Emerging reports early Feb. 21 indicate the unrest in Libya is
spreading from eastern Libya to the capital of Tripoli. According to
initial reports, heavy gunfire was heard in central Tripoli and in other
districts with Al Jazeera reporting 61 people killed in Tripoli on Feb.
21. Other unconfirmed reports say that protesters attacked the
headquarters of Al-Jamahiriya Two television and Al-Shababia as well as
other government buildings in Tripoli overnight. According to
Saudi-owned al-Arabiya, the government-owned People’s Conference Centre
where the General People’s Congress (parliament) meets when it is in
session in Tripoli was set on fire. U.K. energy firm British Petroleum
reportedly said it would evacuate its personnel from Libya and suspend
its activities due to massive unrest. Spain’s Foreign Minister Trinidad
Jimenez said on Feb. 21 that the EU member states are coordinating
possible evacuations of European nationals from Libya. A Turkish
Airlines flight was arranged to evacuate Turkish citizens from Benghazi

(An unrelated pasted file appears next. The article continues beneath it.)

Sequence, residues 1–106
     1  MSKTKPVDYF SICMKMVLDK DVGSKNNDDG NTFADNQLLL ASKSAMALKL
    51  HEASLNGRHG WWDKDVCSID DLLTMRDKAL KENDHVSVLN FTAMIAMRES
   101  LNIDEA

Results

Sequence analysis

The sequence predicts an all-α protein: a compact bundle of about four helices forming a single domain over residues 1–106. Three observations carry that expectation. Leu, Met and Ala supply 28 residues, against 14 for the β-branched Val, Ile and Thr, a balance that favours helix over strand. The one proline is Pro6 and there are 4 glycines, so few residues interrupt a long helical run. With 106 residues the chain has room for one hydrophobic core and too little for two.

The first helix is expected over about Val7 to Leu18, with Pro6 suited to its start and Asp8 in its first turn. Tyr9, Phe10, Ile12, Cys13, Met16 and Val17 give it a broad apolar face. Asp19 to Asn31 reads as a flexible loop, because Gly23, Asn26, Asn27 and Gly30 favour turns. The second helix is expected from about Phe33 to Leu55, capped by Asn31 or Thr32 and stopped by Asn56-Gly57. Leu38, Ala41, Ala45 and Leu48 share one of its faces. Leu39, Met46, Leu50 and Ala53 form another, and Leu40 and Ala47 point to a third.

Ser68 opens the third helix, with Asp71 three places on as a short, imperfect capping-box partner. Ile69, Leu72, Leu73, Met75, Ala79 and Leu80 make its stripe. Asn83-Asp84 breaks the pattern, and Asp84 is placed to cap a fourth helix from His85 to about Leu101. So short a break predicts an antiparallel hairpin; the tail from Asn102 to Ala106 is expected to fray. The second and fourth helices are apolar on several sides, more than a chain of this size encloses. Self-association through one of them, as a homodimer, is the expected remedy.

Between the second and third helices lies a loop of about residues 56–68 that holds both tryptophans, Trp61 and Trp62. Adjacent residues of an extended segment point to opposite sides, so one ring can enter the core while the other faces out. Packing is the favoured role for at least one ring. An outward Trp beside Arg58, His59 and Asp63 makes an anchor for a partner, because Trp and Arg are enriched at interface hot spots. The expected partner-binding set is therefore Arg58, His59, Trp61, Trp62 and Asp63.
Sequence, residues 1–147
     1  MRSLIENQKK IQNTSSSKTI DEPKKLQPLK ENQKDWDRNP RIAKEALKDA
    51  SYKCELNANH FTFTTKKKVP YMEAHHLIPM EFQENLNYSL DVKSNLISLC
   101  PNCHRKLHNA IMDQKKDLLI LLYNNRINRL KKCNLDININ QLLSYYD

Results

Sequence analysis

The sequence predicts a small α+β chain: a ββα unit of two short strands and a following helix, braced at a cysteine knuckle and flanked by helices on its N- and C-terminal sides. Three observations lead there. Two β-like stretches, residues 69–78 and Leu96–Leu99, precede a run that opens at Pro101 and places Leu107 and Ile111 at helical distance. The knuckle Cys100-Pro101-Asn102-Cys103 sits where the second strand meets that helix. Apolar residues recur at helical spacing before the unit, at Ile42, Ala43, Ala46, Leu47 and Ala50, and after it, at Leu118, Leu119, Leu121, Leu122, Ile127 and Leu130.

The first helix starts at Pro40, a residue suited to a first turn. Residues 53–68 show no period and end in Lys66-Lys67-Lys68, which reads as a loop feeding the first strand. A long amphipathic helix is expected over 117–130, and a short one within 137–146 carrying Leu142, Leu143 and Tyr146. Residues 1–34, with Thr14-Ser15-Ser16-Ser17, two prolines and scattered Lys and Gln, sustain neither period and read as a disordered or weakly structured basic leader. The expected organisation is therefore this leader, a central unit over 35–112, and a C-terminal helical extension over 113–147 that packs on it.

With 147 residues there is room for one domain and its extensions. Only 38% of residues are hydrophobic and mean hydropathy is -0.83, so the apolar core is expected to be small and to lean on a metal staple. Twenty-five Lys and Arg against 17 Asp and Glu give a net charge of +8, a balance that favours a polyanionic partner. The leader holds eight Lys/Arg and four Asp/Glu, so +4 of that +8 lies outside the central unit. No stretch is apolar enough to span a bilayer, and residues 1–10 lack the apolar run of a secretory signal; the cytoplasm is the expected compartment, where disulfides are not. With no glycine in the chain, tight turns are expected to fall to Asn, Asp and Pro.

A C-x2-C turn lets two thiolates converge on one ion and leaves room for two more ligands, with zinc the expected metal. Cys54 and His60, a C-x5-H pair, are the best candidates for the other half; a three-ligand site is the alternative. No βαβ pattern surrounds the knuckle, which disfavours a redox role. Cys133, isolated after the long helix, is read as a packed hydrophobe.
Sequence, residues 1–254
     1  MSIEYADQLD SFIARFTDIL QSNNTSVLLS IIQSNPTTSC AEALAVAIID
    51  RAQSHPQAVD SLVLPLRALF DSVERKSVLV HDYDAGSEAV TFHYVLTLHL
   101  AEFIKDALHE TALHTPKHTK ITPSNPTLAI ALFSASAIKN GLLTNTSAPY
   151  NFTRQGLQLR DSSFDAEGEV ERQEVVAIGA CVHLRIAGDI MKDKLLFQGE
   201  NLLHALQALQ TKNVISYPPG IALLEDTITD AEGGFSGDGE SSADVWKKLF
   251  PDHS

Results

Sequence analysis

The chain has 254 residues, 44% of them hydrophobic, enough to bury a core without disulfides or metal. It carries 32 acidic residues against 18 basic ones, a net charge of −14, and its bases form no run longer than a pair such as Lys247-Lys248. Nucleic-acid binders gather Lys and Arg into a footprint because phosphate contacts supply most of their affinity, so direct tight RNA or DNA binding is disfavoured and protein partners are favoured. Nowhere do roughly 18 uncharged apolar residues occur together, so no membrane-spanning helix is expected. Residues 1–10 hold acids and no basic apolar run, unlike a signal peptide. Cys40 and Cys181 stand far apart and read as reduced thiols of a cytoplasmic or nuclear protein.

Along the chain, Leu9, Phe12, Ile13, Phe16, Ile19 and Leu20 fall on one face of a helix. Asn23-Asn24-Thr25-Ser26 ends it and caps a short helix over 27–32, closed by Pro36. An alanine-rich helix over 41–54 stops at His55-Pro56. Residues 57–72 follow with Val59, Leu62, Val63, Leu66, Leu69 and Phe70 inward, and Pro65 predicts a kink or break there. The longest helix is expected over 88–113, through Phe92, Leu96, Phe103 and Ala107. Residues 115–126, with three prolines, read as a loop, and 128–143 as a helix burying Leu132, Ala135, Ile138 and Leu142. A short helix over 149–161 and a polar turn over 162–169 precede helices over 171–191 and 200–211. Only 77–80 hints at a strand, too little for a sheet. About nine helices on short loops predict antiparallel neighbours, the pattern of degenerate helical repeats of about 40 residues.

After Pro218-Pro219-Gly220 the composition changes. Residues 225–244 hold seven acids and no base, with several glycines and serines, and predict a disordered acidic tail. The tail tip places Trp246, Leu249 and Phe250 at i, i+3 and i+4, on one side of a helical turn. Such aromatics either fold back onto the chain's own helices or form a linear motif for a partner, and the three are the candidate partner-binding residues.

but was denied the opportunity to land by Libyan authorities and
returned to Turkey.
Details are sketchy as to the number of protesters and severity of
the clashes in Tripoli. Clashes have been going on between the
protesters and security forces in mostly eastern cities of the country
and in Benghazi in particular, where opposition against Libyan leader
Moammar Gadhafi is concentrated. Signs of protests spreading to Tripoli
emerged late Feb. 20 and apparently intensified following a speech made by Ghaddafi’s son Seif al-Islam.
In that speech, Seif al-Islam was attempting to present himself as the
new and untarnished face of the regime, reiterating the political,
social and economic reforms that he has long advocated were needed to
hold Libya’s tribal society together. Though in his speech Seif
al-Islam carefully distanced himself from old-regime tactics, protesters
in Tripoli reportedly rejected the young Libyan leader and began
chanting slogans against Seif al-Islam’s address.
Critically, Seif al-Islam implied in his speech that he had the the
approval of his father and elements within the military, and that the
army and national guard would be relied on to crack down on “seditious
elements” spreading unrest. However, unconfirmed reports of army
defections in Benghazi and Baida in eastern Libya from Feb. 20 and now
spreading unrest to Tripoli Feb. 21 is casting some doubt on the
regime’s ability to count on the full loyalty and ability of the army to
contain the situation.